Drug Safety Oversight Board Meeting, March 15, 2012Public Summary
The following is a list of the Drug Safety Communications (DSCs) posted shortly before or since the January 19, 2012 meeting and relayed to the Drug Safety Oversight Board (DSB or Board) via memorandum:
- January 12, 2012: Cardio-Gen-82 Update- Preliminary findings from ongoing investigations of CardioGen-82: This update is in follow-up to the Drug Safety Communication alerting healthcare professionals to stop performing heart scans with CardioGen-82 due to potential for increased radiation exposure in patients issued on 7/26/2011.
- January 13, 2012: New Boxed Warning and Contraindication for Adcetris (brentuximab vedotin): FDA issued a communication notifying the public that two additional cases of progressive multifocal leukoencephalopathy (PML), a rare but serious brain infection that can result in death, have been reported with the lymphoma drug Adcetris (brentuximab vedotin). Due to the serious nature of PML, a new Boxed Warning highlighting this risk has been added to the drug label. At the time of Adcetris' approval in August 2011, one case of PML was described in the Warnings and Precautions section of the label.
- January 20, 2012: New risk factor for Progressive Multifocal Leukoencephalopathy (PML)associated with Tysabri (natalizumab): FDA issued a communication informing the public that testing positive for anti-JC virus (JCV) antibodies has been identified as a risk factor for progressive multifocal leukoencephalopathy (PML). PML is a rare but serious brain infection associated with use of Tysabri (natalizumab) for the treatment of multiple sclerosis (MS) or Crohn's disease.
- February 08, 2012: Clostridium difficile-associated diarrhea can be associated with stomach acid drugs known as proton pump inhibitors (PPIs): FDA issued a communication informing the public that the use of stomach acid drugs known as proton pump inhibitors (PPIs) may be associated with an increased risk of Clostridium difficile–associated diarrhea (CDAD). A diagnosis of CDAD should be considered for patients taking PPIs who develop diarrhea that does not improve.
- February 08, 2012: Victrelis (boceprevir) and ritonavir-boosted human immunodeficiency virus (HIV) protease inhibitor drugs: FDA issued a communication notifying healthcare professionals and patients that drug interactions between the hepatitis C virus (HCV) protease inhibitor Victrelis (boceprevir) and certain ritonavir-boosted human immunodeficiency virus (HIV) protease inhibitors (atazanavir, lopinavir, darunavir) can potentially reduce the effectiveness of these medicines when they are used together.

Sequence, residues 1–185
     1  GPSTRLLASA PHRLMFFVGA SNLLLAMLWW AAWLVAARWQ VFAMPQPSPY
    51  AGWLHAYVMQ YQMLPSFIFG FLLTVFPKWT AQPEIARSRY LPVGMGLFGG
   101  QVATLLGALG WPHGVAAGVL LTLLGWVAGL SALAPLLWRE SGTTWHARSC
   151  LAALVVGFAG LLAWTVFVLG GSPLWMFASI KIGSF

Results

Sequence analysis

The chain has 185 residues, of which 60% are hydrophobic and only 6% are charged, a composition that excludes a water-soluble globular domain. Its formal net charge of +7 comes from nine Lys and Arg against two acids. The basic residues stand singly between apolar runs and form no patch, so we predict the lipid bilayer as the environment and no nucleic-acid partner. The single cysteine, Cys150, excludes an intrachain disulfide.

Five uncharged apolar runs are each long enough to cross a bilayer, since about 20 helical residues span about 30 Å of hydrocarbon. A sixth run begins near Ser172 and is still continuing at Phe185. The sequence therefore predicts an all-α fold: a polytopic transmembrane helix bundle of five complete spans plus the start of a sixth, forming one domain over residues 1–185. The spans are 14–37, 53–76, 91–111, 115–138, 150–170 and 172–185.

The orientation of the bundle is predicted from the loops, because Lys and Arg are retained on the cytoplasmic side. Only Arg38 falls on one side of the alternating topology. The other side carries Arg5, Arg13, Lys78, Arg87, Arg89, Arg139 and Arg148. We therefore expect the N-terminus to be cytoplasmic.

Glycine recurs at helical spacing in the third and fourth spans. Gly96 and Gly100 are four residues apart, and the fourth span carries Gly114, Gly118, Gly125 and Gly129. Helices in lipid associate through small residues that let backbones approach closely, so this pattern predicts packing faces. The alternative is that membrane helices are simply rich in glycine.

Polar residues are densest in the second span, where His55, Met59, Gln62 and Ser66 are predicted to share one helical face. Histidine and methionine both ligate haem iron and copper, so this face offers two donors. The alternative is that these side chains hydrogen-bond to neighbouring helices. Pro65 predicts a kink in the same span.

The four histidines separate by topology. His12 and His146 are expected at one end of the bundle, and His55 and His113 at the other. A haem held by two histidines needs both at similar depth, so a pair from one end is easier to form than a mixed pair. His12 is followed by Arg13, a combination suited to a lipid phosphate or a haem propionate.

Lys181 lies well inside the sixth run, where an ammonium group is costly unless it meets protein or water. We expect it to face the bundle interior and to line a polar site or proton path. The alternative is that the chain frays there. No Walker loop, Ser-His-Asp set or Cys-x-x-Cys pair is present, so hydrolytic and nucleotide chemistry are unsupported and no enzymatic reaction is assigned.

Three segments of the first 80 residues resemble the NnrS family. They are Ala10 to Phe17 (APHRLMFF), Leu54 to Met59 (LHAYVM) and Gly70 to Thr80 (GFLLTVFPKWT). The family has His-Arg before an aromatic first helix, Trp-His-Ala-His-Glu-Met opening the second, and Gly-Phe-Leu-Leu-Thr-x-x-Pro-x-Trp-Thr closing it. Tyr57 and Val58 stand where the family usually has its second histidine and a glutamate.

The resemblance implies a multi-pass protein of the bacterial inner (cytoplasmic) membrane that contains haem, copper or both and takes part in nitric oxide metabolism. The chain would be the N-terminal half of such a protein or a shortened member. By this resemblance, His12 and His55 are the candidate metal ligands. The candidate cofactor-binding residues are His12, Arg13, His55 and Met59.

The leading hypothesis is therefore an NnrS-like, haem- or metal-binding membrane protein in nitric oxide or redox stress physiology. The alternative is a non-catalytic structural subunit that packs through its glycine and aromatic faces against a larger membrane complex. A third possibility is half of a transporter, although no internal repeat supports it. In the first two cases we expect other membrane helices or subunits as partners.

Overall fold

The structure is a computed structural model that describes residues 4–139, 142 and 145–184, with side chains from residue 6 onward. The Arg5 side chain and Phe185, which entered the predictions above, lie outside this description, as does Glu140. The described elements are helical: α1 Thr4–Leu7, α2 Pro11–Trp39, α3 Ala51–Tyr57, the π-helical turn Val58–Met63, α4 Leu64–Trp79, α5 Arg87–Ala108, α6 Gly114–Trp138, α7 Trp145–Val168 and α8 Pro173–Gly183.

- February 15, 2012: Planned return of CardioGen-82 to market with new Boxed Warning: This update is in follow-up to the Drug Safety Communication: Update: Preliminary findings from ongoing investigations of CardioGen-82 issued on 1/12/2012
- February 28, 2012: Important safety label changes to cholesterol-lowering statin drugs: FDA issued a communication to provide the public with more information for the safe and effective use of statins and are based on FDA’s comprehensive review of the statin class of drugs.
- March 1, 2012: Interactions between certain HIV or hepatitis C drugs and cholesterol-lowering statin drugs can increase the risk of muscle injury.
- March 28, 2012: Revised recommendations for Celexa (citalopram hydrobromide) related to potential risk of abnormal heart rhythms with high doses.
- April 10, 2012: Updated information about the risk of blood clots in women taking birth control pills containing drospirenone.
- April 20, 2012: New Warning and Contraindication for blood pressure medicines containing aliskiren (Tekturna).
- April 26, 2012: Updated information on drug interactions between Victrelis (boceprevir) and certain boosted HIV protease inhibitor drugs.